integrity Mar 08, 2023

By looking on the NCQA Report Card website for health plans and other healthcare organizations and at the number of organizations on corrective action plans (CAPs) for system controls, you can appreciate the challenges, especially if it’s your first time tackling these standards.  As the NCQA standards on system controls evolve, organizations and delegated entities must stay attuned to corrections, clarifications, and policy changes.

System controls apply to all systems for credentialing (CR), recredentialing, utilization management (UM) denials, and appeals for the organization and its delegates. All organizations that perform the function or are delegated must adhere to system control requirements, including health plans, managed behavioral health organizations (MBHO), credentials verification organizations (CVOs), organizations certified or accredited for credentialing (CR), and organizations performing utilization management (UM).

NCQA standards on system controls are not to be taken lightly, so if you need assistance with interpreting the standards, drafting documented processes, monitoring your systems, deciding on actions to take, creating reports, or reviewing your delegation agreements, be sure to contact MHR, as we have worked with many organizations in preparing them for their survey.

Included here are some key takeaways. Refer to the NCQA standards for UM and CR for complete descriptions and requirements.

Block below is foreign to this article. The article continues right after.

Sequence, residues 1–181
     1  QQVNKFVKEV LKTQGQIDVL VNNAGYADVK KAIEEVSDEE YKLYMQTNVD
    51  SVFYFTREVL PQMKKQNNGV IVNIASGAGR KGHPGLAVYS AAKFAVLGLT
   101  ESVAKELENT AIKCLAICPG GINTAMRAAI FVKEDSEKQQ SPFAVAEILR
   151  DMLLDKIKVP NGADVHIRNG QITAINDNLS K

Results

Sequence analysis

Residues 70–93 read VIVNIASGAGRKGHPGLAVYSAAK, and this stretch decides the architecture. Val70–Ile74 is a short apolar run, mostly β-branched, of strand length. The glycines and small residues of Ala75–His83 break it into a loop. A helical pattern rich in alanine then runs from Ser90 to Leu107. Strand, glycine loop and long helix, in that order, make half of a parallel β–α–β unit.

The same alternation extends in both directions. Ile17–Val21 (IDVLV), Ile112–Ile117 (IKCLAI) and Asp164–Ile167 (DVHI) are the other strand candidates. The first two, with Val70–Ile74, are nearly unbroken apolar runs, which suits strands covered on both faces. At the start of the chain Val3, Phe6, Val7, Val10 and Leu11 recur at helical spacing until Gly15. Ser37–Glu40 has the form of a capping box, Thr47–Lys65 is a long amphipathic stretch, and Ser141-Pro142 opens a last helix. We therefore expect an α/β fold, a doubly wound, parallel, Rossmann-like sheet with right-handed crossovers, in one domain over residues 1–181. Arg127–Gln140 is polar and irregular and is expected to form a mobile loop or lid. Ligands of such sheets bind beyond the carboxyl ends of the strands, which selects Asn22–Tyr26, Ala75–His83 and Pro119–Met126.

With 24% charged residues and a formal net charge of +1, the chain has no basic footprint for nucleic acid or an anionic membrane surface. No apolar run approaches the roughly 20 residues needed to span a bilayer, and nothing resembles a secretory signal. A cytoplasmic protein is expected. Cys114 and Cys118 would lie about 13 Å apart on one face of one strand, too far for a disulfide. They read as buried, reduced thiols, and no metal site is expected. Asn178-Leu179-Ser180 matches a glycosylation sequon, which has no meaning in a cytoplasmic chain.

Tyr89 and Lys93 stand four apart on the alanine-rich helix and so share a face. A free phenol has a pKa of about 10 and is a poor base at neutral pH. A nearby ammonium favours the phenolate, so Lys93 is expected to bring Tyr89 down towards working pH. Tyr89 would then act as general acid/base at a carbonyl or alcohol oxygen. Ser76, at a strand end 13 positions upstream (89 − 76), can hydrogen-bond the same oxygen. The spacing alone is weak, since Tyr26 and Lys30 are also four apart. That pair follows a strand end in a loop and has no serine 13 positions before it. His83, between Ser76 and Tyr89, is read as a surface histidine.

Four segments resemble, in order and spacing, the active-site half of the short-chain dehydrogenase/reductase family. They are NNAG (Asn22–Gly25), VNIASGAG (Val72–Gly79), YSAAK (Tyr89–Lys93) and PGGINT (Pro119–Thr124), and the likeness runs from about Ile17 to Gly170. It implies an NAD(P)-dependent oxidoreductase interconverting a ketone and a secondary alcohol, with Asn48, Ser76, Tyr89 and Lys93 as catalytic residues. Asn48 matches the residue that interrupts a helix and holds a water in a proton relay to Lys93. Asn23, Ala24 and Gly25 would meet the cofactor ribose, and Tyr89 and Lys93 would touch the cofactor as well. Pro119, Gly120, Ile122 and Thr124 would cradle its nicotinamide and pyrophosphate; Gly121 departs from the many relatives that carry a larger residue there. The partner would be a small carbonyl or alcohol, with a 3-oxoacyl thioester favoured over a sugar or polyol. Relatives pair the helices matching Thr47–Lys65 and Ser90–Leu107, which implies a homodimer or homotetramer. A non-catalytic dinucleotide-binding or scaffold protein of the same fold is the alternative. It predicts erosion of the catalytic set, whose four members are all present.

1. NCQA standards on system controls apply to all organizations that perform credentialing, recredentialing, UM denials, and UM appeals for medical necessity and benefits.
    • Included are delegated entities.
    • Not within scope are external entities that are not delegates and entities that provide only cloud-based storage functions.
  2. System controls apply to all product lines.
  3. System controls impact all surveys, including Interim Surveys, First Surveys, and Renewal Surveys for CR, and Initial Surveys and Renewal Surveys for UM.
  4. Documented processes must be explicit for unique CR and UM systems (denials and appeals). For example:
  • If your organization has two systems for UM, one for denials and one for appeals, then documented processes that address each area are needed.
  • If your organization stores credentialing data or documents on multiple systems, including network drives, your documented process must account for how that information is secured.
  1. Documented processes must be in sufficient detail that describe all factors and all bullet points included within NCQA’s explanations for each standard.
  2. Documented processes must explain the many persons and departments responsible for performing each CR and UM function that could impact system controls, including titles and roles. For example:
    • a CR specialist may modify a date when information on primary source verification was received
    • a supervisor must approve all modifications to CR information already entered